Edgar Lee Masters’ Spoon River Anthology turned 100 a few days ago, and Merge Records marked the occasion by re-releasing the oft-overlooked indie-folk gem it inspired, Richard Buckner’s majestic homage, 2000’s The Hill, which puts more than a baker’s dozen of Masters’ pen-and-ink story-biographies to song. There are plenty of ways to get to Buckner’s Hill. And plenty of ways to dig your hands into the soil of it all. But, plain and simple, this Buckner record, in particular out of his lofty canon, is not a hill but a mountain, a singular accomplishment among many. Backed occasionally lushly but more often sparsely by Calexico core Joey Burns and John Convertino, Buckner strikes a semblance of quiet desperation as he breathes life into 18 of Masters’ pseudo-obituaries/confessions, making them more like living, breathing rough drafts then final nails in coffin lids. It’s exciting, even enthralling stuff to hear. Buckner has his hook in you from square one; and he knows it. The work-song spiritual “Ollie McGee” is downright devastating. Two songs later, “Julia Miller” will knock you …



From Dw. Dunphy and Rob Ross: Via a tweet from Yes/Asia/Buggles keyboardist Geoff Downes, reports say that Chris Squire, the legendary bass guitar player for prog-rock giants YES, has died at the age of 67.  It had been announced in May that Squire was undergoing treatment for leukemia.  He had been living with his family in Phoenix, Arizona. There is so much commentary about who is and is not Yes, meaning the vast arsenal of players who have been with the band all these years. The one constant was Chris Squire, bass player. His style is regularly regarded as “dirty” or “meaty.” For a band that is often regarded as arty – too arty sometimes – or pretty and orchestral, Squire was the dinosaur that kept the rock firmly in play in their progressive rock. To hear that he has passed today is profoundly sad. It is like removing one of the heads from Mount Rushmore, a feat his bass playing alone could have accomplished. If you need further convincing, I advise you to consult …

Groundbreaking New York City Music Series Expands to Los Angeles

Three years ago, New York City-based musician and promoter Aleksi Glick got the idea to merge upcoming bands with a unique, untapped venue — a hostel. Partnering with Hostelling International on the Upper West Side, Glick strove to give his fellow music-makers a home uptown, a section of Manhattan that had sorely been lacking in places to play. After pulling together a group of his friends to help with booking, promotion, and graphic design, Glick formed Newer Sounds, and developed both a concert series and guitar series, which has drawn in performers from all over the world. Now, Glick has partnered with longtime music business consultant and founder and curator of Numinous Music, Craig S. Hyman, to expand this burgeoning enterprise to the Left Coast — more specifically, Hostelling International in Santa Monica, CA. Why Santa Monica? As Glick explains it, he recognized a similar problem in the beach town as was present on the UWS. “There are also countless musicians in Los Angeles and not enough good and fair venues,” he explains. “Santa Monica is …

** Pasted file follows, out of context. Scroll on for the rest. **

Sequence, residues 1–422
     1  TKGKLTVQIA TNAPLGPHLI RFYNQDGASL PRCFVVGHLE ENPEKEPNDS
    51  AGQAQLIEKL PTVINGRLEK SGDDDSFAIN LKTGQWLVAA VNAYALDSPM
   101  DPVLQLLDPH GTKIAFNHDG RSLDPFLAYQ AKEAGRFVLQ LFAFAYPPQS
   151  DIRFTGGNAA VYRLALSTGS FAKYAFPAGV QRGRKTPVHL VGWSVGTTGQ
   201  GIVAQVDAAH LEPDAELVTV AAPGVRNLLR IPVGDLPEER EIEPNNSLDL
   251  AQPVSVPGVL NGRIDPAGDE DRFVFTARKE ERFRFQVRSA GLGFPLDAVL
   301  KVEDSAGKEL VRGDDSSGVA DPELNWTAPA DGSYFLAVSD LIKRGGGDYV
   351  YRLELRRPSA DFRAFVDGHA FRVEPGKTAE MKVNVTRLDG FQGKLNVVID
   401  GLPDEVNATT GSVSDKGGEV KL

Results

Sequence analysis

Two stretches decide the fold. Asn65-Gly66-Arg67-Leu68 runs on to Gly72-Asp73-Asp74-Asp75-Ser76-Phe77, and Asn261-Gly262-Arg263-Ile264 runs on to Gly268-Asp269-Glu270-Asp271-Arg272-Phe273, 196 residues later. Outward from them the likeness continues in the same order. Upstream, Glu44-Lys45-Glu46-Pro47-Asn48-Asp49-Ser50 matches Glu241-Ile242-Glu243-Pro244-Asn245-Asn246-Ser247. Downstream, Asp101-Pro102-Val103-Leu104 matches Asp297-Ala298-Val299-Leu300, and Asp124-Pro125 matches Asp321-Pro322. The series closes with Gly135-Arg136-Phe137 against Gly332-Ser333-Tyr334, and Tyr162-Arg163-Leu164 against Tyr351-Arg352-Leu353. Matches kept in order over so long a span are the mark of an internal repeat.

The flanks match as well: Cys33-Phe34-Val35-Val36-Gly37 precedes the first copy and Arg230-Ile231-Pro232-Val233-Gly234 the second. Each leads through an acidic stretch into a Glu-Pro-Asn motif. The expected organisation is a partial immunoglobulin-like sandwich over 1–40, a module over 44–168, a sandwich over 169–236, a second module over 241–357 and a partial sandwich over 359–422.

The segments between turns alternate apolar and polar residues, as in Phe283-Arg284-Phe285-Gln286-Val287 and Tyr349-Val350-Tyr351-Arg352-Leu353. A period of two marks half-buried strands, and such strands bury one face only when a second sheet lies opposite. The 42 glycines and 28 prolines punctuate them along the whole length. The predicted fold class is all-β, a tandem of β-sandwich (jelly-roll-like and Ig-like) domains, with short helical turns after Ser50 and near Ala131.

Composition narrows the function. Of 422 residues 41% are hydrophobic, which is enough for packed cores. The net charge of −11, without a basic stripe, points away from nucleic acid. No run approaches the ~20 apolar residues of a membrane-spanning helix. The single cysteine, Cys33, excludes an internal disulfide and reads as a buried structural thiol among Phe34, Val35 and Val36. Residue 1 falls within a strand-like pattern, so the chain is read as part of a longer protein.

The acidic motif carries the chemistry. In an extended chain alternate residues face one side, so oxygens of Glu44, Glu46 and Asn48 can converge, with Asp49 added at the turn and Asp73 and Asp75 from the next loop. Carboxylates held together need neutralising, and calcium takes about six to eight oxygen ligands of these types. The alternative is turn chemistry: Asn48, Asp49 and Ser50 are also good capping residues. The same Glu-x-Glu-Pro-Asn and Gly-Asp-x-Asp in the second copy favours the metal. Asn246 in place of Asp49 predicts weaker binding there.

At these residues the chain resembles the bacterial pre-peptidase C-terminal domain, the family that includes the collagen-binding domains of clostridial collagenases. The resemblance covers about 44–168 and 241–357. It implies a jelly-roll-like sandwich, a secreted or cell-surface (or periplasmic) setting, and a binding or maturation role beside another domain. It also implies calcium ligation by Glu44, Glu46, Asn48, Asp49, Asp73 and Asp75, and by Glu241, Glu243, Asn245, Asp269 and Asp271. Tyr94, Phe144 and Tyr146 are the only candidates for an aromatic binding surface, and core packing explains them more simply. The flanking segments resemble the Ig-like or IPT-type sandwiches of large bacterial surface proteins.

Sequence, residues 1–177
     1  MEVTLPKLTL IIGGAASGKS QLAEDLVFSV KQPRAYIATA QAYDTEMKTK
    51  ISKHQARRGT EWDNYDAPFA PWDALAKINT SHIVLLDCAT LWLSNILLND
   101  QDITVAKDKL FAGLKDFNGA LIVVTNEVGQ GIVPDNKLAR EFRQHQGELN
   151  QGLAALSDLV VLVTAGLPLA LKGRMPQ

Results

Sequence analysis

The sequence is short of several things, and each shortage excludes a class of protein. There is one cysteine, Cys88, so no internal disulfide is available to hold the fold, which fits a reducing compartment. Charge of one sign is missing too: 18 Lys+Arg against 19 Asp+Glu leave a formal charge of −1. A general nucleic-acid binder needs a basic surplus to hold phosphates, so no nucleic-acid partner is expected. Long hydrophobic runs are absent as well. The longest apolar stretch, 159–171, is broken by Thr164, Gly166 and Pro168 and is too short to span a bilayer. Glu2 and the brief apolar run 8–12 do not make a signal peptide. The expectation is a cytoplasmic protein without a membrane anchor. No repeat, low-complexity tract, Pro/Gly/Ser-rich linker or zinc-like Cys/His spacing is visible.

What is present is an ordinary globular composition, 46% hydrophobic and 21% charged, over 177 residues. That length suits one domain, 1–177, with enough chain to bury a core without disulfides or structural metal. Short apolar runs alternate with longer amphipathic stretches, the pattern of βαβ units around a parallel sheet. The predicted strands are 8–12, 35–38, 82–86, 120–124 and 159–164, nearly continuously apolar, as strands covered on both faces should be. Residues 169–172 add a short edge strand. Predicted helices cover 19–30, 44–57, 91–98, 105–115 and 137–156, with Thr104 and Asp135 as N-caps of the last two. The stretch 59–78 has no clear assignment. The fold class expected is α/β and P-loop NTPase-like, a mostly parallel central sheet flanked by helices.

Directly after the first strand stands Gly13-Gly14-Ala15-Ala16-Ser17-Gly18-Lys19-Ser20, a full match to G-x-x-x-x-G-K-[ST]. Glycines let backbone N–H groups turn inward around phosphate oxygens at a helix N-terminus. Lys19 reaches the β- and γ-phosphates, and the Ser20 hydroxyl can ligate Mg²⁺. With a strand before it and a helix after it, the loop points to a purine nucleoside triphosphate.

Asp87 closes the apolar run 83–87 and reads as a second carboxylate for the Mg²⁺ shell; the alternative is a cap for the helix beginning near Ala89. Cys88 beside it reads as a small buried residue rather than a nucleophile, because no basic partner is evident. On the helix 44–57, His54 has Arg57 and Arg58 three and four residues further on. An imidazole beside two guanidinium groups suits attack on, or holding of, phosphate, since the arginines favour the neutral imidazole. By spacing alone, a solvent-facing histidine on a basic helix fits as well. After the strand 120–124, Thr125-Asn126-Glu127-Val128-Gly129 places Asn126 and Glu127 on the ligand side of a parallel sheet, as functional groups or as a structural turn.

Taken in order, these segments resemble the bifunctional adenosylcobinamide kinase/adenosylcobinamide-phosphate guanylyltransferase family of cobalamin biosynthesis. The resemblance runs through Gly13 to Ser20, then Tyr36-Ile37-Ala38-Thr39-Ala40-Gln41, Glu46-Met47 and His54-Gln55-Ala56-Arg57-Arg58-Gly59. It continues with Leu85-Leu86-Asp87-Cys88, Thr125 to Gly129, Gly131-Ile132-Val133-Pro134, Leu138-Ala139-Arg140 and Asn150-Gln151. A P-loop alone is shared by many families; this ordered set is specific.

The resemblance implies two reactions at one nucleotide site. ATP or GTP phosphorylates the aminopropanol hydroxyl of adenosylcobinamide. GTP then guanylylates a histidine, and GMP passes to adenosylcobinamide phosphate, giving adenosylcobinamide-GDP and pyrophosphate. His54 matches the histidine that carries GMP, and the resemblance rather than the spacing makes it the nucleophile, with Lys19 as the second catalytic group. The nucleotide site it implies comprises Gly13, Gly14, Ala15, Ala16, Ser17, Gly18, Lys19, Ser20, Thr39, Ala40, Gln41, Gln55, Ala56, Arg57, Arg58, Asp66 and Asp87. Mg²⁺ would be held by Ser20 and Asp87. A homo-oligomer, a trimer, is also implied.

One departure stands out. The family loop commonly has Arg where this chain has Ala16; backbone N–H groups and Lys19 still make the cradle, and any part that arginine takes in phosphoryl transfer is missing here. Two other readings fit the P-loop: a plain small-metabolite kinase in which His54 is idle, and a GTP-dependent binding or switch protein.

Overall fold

New Video: Julien Sagot, “Docteur C”

Perhaps best known as percussionist for Polaris Music Prize winners Karkwa, Québec’s Julien Sagot has been making a name for himself of late with his sophomore solo LP, the brazenly eclectic weird-pop masterpiece Valse 333. Coming on the heels of Valse 333‘s Juno Award nomination in the Best Francophone Album category is the album’s latest single, the loopy, jittery “Docteur C”, which is accompanied by an equally spooky video that should delight fans of Jean-Pierre Jeunet’s surrealism and Michel Gondry’s handmade in-camera effects. You can stream or purchase Valse 333 and its predecessor, 2012’s Piano Mal, on Bandcamp.


BREAKING NEWS: Legendary producer/songwriter Kim Fowley dead at 75

After a long battle with bladder cancer, legendary record producer Kim Fowley has died.  This news comes via Billboard. Throughout his career, Fowley stepped in and out of popular music’s limelight, making a name for himself in the 1960s with a string of pop singles with a cultish lean and later managing the ’70s punk girl group the Runaways — the band that introduced Joan Jett to the rock world. For the last few years, Fowley had a weekly radio show on Little Steven’s Underground Garage channel (heard on XM/Sirius) and continued to broadcast even from his hospital bed. The video below is one of the first recordings Fowley was responsible for; the music was his closing theme every week at the end of his show.